Cascadia Margin

ODP drilling on the Cascadia margin during Leg 146 was designed to study the occurrence of gas hydrate in an accretionary prism associated with an active subduction zone and to examine the role of upward fluid and methane expulsion in hydrate-bearing sediments [Westbrook et al., 1994], Strong BSRs are widespread over much of the continental slope and provide an opportunity to examine whether they are due to high-velocity hydrate or low-velocity free gas [Hyndman and Spence, 1992], During Leg 146, only minor amounts of hydrate were recovered in the core. At Site 889, drilled off the west coast of Vancouver Island, hydrate is inferred to be present from approximately 127 to 228 mbsf based on geochemical core analysis and wireline logs [Westbrook, et al, 1994], Only after integration of downhole data and regional seismic velocities was it possible to estimate the concentration of hydrate and free gas above and below the BSR [Yuan et al, 1996]. This velocity contrast was interpreted to be about 2/3 due to high-velocity hydrate and 1/3 due to underlying low-velocity gas.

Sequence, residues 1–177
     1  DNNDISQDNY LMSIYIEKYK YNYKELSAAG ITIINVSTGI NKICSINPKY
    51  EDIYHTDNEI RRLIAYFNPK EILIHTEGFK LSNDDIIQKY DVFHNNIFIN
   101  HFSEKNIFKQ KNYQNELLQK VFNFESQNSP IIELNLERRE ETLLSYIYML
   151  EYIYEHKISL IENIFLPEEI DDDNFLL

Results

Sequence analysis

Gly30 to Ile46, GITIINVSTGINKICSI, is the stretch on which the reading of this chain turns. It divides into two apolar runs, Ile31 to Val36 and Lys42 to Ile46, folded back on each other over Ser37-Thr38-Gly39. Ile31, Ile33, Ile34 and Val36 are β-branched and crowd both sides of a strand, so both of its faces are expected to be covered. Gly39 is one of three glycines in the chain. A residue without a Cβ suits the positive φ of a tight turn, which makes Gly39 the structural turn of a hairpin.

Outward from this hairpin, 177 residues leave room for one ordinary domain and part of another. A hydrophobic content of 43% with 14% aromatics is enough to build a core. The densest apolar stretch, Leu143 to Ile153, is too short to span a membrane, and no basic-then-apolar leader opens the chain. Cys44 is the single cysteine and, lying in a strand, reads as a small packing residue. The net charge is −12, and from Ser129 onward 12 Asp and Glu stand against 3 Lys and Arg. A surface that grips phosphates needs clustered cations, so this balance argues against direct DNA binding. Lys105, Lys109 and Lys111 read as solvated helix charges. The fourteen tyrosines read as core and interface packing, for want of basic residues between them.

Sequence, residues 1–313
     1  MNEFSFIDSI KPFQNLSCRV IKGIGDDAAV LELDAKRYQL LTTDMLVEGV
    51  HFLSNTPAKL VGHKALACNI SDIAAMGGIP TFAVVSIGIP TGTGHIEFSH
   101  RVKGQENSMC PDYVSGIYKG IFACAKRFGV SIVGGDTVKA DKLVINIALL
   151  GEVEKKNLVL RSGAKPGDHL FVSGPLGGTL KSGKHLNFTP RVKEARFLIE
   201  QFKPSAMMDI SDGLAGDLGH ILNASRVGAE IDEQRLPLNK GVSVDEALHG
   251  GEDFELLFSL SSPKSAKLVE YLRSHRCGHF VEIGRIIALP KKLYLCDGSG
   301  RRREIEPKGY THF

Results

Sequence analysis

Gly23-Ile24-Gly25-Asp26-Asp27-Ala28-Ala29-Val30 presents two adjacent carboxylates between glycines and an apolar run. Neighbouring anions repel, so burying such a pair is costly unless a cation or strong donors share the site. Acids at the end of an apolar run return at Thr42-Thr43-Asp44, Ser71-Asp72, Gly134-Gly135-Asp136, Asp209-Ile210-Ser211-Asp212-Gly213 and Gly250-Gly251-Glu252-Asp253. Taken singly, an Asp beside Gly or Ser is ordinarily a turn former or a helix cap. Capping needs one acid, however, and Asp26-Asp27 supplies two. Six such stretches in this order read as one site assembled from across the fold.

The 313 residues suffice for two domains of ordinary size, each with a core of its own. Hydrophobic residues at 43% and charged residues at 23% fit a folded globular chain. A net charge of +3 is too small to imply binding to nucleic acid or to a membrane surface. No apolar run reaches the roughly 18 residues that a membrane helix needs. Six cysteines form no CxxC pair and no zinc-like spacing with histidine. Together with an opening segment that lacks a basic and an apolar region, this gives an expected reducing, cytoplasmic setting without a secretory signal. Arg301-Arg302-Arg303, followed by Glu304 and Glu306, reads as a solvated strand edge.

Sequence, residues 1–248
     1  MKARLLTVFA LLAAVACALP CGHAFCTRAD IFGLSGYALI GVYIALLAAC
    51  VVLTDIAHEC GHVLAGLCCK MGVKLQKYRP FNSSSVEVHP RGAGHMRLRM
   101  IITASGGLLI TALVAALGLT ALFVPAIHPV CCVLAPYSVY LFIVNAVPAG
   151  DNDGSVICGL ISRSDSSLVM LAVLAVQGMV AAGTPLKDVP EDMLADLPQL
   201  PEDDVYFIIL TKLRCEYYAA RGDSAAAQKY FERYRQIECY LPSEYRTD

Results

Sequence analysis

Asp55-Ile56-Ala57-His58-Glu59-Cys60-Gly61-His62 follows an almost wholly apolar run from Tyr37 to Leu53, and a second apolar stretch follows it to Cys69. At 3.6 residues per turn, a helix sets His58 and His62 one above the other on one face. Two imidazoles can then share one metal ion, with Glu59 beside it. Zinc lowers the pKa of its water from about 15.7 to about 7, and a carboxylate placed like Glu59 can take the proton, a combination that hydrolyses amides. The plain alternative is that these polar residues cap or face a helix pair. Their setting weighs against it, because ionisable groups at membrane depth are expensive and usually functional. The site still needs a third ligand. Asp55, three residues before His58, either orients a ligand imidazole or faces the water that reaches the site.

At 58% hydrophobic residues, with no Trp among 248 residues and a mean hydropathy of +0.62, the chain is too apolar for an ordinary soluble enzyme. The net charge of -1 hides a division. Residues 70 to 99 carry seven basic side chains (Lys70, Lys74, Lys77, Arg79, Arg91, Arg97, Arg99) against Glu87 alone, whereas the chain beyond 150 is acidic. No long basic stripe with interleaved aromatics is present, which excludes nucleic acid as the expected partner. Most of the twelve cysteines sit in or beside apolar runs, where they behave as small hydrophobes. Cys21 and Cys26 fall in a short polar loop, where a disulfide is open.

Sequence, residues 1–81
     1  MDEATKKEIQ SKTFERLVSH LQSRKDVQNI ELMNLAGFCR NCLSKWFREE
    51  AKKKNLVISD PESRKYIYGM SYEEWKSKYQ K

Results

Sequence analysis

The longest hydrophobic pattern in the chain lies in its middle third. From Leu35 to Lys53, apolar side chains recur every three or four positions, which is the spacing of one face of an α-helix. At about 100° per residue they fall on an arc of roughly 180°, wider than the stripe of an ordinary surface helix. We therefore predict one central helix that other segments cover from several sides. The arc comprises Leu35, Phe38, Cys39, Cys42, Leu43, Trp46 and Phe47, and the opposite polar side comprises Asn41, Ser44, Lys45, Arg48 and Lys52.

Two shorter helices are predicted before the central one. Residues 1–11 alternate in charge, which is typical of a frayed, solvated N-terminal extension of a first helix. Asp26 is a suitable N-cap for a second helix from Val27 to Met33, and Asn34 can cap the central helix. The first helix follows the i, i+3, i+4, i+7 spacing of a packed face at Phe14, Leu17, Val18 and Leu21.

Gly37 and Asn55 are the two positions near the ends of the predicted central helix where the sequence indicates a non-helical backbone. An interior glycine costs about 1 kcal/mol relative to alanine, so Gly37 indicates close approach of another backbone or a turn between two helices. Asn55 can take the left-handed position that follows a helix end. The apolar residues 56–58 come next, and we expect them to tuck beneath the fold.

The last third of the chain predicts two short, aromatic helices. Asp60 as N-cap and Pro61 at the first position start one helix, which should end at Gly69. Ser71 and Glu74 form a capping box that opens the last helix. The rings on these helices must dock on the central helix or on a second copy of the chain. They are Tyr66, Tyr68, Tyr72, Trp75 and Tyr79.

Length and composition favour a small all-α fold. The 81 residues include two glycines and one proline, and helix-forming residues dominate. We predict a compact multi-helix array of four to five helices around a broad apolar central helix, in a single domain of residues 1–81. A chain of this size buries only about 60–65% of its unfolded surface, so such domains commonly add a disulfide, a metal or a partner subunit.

Figure 4 shows the logs recorded from seafloor to about 250 m bsf at Site 889. From the velocity log, hydrate is interpreted to increase in concentration downward from the seafloor, with an increase at about 130 m associated with the contact between slope basin and underlying accreted sediments. From 130 m to the BSR at about 230 m, the velocity is about 1.8 km/s compared to a reference of about 1.6 km/s. Likewise, the electrical resistivity at Site 889 increases downward from the seafloor with an abrupt increase at about 130 m. From this depth to the BSR, resistivity averages about 2.1 ohm-m compared to the reference of about 1.0 ohm-m [Hyndman et al, 1999]. In addition to the general increasing trend in the logs at Site 889, there are several layers of high velocity and electrical resistivity near 190 and 210 m. There is no corresponding lithologic cause evident in the natural gamma-ray, neutron porosity, and bulk density logs so these thin zones may represent especially high hydrate concentration. The free gas zone underlying the BSR is not expressed in the sonic and resistivity logs, but only as low velocities in the VSP data [MacKay et al., 1994], Hyndman, et al [1999] interpret the relatively high resistivity log over this interval to indicate that cold drilling fluid has induced hydrate to form from free gas present near the borehole. Alternatively, drilling circulation may have rapidly washed the free gas away from the vicinity of the borehole and beyond the depth of penetration of the logs, but not sufficiently deep to affect the VSP measurements.

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